I’ve been distracting myself with birds and flowers.
In 1975, writing for an Addison-Wesley reading program, I learned to love deadlines. Give me a deadline and a bunch of specs and I will delight you, on time. For many years “good work on time” kept me happily employed writing stories, poems and teacher’s guides for phonetic reading programs. I don’t write on assignment any more and with only myself to please—or not—productivity can be a challenge. So now I manufacture my own deadlines, or make a public commitment, like this one.
Without a deadline, I dawdle in ideas. But try as I might—and I never fail to really, really try—I rarely solve a problem in my head. I can no sooner write without my hands on the keyboard than I can will a spill of beads to sort themselves, or, in my sleep, untangle my lawnmower’s extension cord. Without physical involvement, nothing gets written.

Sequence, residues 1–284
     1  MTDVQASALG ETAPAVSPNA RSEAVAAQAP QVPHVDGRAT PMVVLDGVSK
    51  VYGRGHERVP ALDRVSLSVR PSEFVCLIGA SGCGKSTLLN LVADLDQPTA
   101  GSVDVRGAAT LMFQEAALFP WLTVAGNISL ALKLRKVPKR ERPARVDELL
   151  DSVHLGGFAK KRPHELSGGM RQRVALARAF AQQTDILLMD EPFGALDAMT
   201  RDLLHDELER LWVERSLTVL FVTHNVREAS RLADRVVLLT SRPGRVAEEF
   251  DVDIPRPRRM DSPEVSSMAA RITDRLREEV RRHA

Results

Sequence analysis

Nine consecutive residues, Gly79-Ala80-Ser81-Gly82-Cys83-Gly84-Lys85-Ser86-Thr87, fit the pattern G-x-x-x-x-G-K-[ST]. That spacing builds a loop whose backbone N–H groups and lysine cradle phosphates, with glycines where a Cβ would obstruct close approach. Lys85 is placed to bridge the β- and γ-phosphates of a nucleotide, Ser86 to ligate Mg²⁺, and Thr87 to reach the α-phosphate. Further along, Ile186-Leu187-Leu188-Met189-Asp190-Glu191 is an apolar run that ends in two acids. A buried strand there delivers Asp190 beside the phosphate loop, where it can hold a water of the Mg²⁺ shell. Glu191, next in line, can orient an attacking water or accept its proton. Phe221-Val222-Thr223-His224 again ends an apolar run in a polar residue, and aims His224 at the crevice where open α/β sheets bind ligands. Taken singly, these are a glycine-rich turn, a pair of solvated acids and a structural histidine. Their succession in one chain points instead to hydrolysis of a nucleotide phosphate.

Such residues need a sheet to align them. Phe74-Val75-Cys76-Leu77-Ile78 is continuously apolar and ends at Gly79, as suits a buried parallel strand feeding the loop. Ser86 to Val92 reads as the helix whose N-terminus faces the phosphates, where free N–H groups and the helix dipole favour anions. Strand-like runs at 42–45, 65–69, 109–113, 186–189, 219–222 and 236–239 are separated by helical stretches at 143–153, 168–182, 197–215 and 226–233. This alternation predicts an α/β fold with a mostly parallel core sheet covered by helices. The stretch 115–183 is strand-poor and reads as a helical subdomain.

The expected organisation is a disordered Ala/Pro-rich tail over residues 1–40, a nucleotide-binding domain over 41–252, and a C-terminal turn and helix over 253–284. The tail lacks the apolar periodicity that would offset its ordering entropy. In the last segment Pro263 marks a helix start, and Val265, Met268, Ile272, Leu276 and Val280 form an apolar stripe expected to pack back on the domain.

Then there are distractions: recently my birthday, which felt like a big one—three-quarters of a century—was followed by a disturbing national event, followed by worldwide protests, during which my online used book business demanded attention, as did a contract from a publisher for a new edition of……
Excuses, excuses. Let’s get to it! A new memoir piece is in the works.
A NOTE ABOUT WORK YOU’VE SENT ME: Beaver Island word wizard Cindy Ricksters has a fresh addition to her Artifacts to Memories. And while I thank others of you for sharing your past writings, I’m limiting this website to current work: Write now!